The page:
Borrowing money is often a necessity for growing and expanding a new business, but it’s also one of the least understood parts of business management. So, what is the best way to go about it?
First, use some common sense. Only borrow money that is well within the means of the business. In other words, can you afford the repayments and the interest over the length of the loan? It may seem obvious, but it’s an important consideration.
Once you’ve decided to take a loan, maximizing on your assets and taking the largest loan possible is not the way to go. Here’s why: Let's assume you have assets of $1 million and you borrow 70 percent ($700,000) against this amount. This heavy leverage will require a large repayment schedule.
A case in point
This is all well and good, but only if you can more or less guarantee that you have, and will continue to have, continual cash flow into your business, and are making profits that will last the length of the loan. Today, no one knows this for certain; so let’s look at the risk of this loan situation.
For the sake of this exercise, let's say the interest rate is 6 percent, fixed over 10 years. The interest will be $42,000, plus capital repayments of $70,000 over the 10-year period of the loan. Capital repayments, plus interest in year one, is $112,000 or $9,333.00 each month. (In reality, the interest payments will decrease each year because of the annual reductions of capital, but these figures are a good starting point.)
If your planned business expansion--the reason for borrowing this money--is good and if you increase sales and profit using this loan, you should be able to afford the repayments. However, those are two big “ifs.” There is always a danger when you take a large loan and get stretched-out repayments.
The other downside of this loan scenario is that you have maxed out on your assets and collateral, and have no financial movement. To me, this could be a slow, self-inflicted punishment of an over optimistic businessman.
I would prefer to utilize a smaller amount of my assets and make the business grow within my control. This way, I would not be putting all of my eggs in one basket. If I had $1 million in assets, I would use $250,000 against a loan, still leaving me with some assets to use if needed. If things do go wrong, I can handle it with the remaining equity and the business I still have. Keep your cash flowing into your hands, not those of the lender.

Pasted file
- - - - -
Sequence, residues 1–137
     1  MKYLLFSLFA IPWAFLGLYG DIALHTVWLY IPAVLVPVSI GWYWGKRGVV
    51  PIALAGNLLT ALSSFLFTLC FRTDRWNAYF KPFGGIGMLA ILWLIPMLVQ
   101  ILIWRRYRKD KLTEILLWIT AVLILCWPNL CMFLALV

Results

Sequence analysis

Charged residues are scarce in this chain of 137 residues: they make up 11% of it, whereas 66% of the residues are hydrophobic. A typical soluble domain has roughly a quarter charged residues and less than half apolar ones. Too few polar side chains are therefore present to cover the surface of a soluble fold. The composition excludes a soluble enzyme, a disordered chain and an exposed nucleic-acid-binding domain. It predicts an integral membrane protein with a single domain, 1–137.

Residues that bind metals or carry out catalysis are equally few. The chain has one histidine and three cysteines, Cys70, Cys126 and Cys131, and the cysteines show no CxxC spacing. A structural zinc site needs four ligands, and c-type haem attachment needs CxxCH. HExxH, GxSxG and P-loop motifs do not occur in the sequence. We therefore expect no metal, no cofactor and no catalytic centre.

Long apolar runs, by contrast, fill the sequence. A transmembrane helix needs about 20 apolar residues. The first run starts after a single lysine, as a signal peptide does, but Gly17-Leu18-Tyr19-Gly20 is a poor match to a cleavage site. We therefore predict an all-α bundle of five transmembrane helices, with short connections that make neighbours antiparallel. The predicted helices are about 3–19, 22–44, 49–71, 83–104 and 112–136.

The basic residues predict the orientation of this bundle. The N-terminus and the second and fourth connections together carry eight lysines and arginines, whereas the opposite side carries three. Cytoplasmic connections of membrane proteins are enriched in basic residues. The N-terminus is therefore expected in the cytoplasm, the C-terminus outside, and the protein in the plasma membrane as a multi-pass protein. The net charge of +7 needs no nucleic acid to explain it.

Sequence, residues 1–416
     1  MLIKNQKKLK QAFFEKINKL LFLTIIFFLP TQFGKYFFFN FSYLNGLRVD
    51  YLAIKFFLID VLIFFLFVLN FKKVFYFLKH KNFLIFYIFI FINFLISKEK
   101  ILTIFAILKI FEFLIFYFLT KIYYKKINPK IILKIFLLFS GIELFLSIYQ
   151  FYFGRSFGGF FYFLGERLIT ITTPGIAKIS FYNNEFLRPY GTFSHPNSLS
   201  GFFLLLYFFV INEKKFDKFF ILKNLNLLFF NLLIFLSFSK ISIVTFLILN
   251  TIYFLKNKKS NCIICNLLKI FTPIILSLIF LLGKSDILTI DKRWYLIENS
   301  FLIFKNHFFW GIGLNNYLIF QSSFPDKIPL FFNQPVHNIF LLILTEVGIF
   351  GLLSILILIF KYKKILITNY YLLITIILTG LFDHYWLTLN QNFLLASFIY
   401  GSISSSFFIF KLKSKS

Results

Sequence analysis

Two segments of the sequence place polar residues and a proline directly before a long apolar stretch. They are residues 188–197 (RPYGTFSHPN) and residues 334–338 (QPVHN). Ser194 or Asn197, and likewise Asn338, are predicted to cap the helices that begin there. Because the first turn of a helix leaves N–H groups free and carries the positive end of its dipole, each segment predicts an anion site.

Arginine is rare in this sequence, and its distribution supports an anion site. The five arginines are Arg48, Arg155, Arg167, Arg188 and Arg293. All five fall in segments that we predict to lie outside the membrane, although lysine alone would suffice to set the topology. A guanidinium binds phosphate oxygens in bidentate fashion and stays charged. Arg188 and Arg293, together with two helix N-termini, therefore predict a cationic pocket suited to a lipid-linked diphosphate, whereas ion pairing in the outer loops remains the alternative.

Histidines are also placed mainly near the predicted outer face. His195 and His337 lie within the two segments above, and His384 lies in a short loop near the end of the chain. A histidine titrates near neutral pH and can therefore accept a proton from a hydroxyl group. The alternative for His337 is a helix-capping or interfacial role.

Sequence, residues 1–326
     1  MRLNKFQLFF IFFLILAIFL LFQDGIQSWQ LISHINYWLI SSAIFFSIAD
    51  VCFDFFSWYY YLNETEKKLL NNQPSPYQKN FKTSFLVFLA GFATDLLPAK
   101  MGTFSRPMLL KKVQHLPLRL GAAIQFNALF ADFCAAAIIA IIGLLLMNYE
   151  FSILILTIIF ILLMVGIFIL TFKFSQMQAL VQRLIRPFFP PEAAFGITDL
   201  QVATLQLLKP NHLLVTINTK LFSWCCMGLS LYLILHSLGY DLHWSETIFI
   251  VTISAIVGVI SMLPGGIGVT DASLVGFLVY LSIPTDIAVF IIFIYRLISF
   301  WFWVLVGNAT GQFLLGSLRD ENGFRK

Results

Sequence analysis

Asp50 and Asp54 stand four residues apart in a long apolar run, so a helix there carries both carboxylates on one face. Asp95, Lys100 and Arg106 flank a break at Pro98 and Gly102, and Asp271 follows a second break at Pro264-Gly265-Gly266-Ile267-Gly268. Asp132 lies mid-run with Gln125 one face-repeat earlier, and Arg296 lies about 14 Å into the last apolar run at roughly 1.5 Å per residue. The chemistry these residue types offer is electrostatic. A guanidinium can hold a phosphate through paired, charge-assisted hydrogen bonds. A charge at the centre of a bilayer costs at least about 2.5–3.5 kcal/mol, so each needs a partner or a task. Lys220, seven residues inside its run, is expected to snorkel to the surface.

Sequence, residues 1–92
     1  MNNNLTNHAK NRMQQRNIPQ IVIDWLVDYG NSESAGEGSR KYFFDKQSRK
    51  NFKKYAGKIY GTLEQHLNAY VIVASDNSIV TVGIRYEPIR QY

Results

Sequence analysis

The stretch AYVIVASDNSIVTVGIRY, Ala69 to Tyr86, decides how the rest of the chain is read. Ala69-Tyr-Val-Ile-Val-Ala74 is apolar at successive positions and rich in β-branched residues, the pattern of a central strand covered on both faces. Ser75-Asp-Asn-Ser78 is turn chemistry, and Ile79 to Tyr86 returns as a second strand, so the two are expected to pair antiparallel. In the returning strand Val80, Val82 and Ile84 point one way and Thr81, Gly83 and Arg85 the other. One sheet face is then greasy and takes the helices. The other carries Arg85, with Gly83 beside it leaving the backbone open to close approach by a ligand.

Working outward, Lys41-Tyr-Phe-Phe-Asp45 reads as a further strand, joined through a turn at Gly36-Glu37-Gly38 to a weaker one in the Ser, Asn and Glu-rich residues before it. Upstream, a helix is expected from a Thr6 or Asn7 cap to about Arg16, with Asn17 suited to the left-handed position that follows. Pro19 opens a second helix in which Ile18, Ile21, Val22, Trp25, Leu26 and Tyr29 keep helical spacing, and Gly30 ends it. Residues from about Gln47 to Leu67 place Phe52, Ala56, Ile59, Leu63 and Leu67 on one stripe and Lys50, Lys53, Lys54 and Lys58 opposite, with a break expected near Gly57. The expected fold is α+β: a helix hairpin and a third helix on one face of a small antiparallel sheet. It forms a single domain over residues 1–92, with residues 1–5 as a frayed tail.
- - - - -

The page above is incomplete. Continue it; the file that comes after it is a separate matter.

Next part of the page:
When you are maxed-out, the rates offered by the banks are usually off the chart. The bank will pressure you into reducing your debt, and you will be forced to sell an asset when the market is low. You will achieve a price less than you expected.
When one of my businesses failed, and I was indebted to the bank I got the loan from, I could demonstrate that I had a way of paying it back, even though it would be for a longer period. This was no big deal for the bank, since it earned more interest. The point was to convince the bank that I could meet the commitment to it.
Having your assets free of loans, or with small loans against them, gives you better borrowing power. Being able to offer a mortgage-free building against a loan, or a building that has little debt, puts you in the driver’s seat. If you have a valuable asset, you can go to any bank and negotiate with it.
Here are some final tips:
- Try to build up as many tangible assets as possible. Take real estate, for example. Get it paid off or with a minimal loan. You then have something to use when you need cash to expand and grow your business.
- Don’t make the tax-deduction carrot the reason to borrow and get in debt.
- If you use up all of the equity in your property, you lose leverage and control of your assets and become vulnerable where someone else can ring your bell.
- Above all else, remember that borrowing money does not make a bad idea a good one!
Sure, fortune favors the brave. I believe success in business is about taking risks, but only risks that you can calculate. Make sure you assess the risk of borrowing carefully and consider the full extent of financial problems if things go wrong. When in doubt, invest in tangible assets and remember that having a business heavily mortgaged is like driving a car with the brakes on. Many smart people have ruined a good business because they are over geared.
By Victor Green
Victor Green, author of How to Succeed in Business by Really Trying, has a long record of founding and growing businesses. Now retired, he lectures and mentors small-business owners and new entrepreneurs in conjunction with SCORE and the U.S. Small Business Administration. Above all else, he encourages his clients to “invest in common sense.” For more information, visit: www.howtosucceedinbusiness.com.